Lateral and protrusive movements are needed to place adequate stimulus to the jaws. The quality of chewing must be good, meaning that the full range of motion needs to occur. Similar to many weight training exercises that focus on complete movements, the full chewing movement allows for better growth and development of the jaws.

Chewing Bilaterally

The act of chewing must occur on both sides and equally. This allows for equal growth, both in volume and height, as opposed to chewing only on one side. 

Mechanical Properties of the Foods

The toughness or hardness of the eaten foods should be high. The required amount of force to properly chew a raw carrot is much higher than the force needed to eat macaroni and cheese. Eating whole foods as opposed to processed foods requires more chewing force. By eating whole foods, not only is the child getting better nutrition, but the force placed on the jaws stimulates growth. This concept is similar to that of mewing.

This is thought to be a large driving force of the shift towards smaller mouths. Hunter-gatherer societies do not have the luxury of processed foods. This meant that they either ate whole foods or starved. Fast forward to today, many young children’s foods are processed in a way that doesn’t require heavy chewing. The trick is getting children to actually eat whole foods, which can be difficult to say the least.

Maxilla and Mandibular Growth and Developmental Laws

The growth and development of the jaws will fall into one of 6 categories. These categories are a predictor of the speed and growth potential of the jaws. For instance, there is a category where the speed and growth potential of the mandible is low. While this doesn’t mean this patient cannot be treated, the progress will be slow. 

The category will influence the treatment plan and will also set expectations. Each patient is placed into the category via the Petrovic Analysis. The requirements are that the patient must have their permanent maxillary incisors (usually erupting around the age of 6) and must not have had any manipulation to their jaws such as major surgeries or orthodontics.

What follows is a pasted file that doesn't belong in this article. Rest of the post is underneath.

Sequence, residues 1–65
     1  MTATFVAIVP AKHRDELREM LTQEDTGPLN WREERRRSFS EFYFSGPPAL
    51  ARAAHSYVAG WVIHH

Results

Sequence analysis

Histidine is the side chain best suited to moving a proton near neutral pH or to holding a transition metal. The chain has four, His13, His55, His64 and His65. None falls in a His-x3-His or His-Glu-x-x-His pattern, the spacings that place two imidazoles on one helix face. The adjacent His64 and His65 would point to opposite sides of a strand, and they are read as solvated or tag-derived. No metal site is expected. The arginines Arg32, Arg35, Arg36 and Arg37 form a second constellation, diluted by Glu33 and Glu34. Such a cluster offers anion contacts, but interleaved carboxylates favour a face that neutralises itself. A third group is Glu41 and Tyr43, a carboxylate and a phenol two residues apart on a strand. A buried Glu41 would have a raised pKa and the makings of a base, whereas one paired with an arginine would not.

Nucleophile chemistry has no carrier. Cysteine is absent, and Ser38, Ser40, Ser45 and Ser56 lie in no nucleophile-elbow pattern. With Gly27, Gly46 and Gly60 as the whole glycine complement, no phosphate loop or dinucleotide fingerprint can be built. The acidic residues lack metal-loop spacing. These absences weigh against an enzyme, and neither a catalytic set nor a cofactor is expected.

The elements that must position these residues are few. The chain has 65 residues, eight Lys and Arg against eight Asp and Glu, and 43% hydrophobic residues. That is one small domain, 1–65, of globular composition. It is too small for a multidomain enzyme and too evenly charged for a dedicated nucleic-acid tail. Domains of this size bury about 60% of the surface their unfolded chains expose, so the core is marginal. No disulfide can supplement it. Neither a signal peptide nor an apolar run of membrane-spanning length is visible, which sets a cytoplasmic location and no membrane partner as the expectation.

The Petrovic Analysis helps the doctor to understand the growth trajectories and and implement protocols and set expectations for the best results.

Jaw Functional Orthopedic Techniques

Selective Grinding

This technique analyses the quality of the lateral and protrusive movements. During excursive chewing, an occlusal interference may prevent smooth and full lateral movement. In other words, when chewing from side to side, if part of a top tooth sticks out too much, a bottom tooth may run into it which prevents comfortably chewing all the way from one side to another. 

By selectively removing the interference, the full range of motion becomes easier. Typically selective grinding is done on baby teeth. 

Direct Tracks

Direct tracks is a way to help correct malocclusion. When malocclusion is present, it doesn’t allow for the normal growth and development of the jaws and TMJ. Composite is bonded onto existing teeth in a way that would re-establish normal mandibular trajectories. By allowing normal lateral and protrusive movements, can bilateral chewing occur as well as encourage normal growth and development.

Myofunctional Therapy

Myofunctional therapy (MFT) can be likened to physical therapy for the tongue. As the tongue plays a huge role in generating stimulus, if the tongue is weak and incorrectly placed, the growth and development potential will be limited. MFT is a way to not only strengthen the tongue, but it also retrains the brain to place the tongue in a better position for not only growth but also may also help with sleeping and breathing disorders as well.


Appliances are made to stimulate or inhibit the growth of the jaws. They are able to help guide the growth in transverse as well as vertical problems. For instance a deep bite or an anterior/posterior open bite can all be corrected by using various appliances with different features. 

The following slideshow showcases a few different features of Jaw Functional Orthopedic hardware, and how each appliance can vary based on what is being corrected.

What are the Risks of Jaw Functional Orthopedics?

Since JFO is a non surgical, holistic approach, there are few risks that are involved. Some of the primary risks are when growth and development aren’t guided properly. Which happens to be a similar risk to mewing. For example if a patient has a high maxillary growth potential, if the growth isn’t directed properly, the maxilla may grow too much which may necessitate surgical intervention. However this isn’t something that occurs quickly. A well-trained dentist will recognize and prevent this before it becomes an issue.

Is Jaw Functional Orthopedics Right for my Child?

There are many different ways to go about addressing jaw size discrepancies. There are many strategies that address jaw size discrepancies. The premise behind JFO is to naturally guide a growing body to grow to their full potential. This approach looks at the entire stomatognathic system as opposed to other approaches that focus on one aspect within the system. 

How Much Does Jaw Functional Orthopedics Cost?

It will vary significantly from practice to practice, however depending on what needs to be done, the cost will range anywhere from $4,000 – $6,500. It can essentially be viewed in the same category as traditional orthodontics and may even have some orthodontic coverage. One practice may include myofunctional therapy while others do not. For more information, speak to your dental office about specific costs.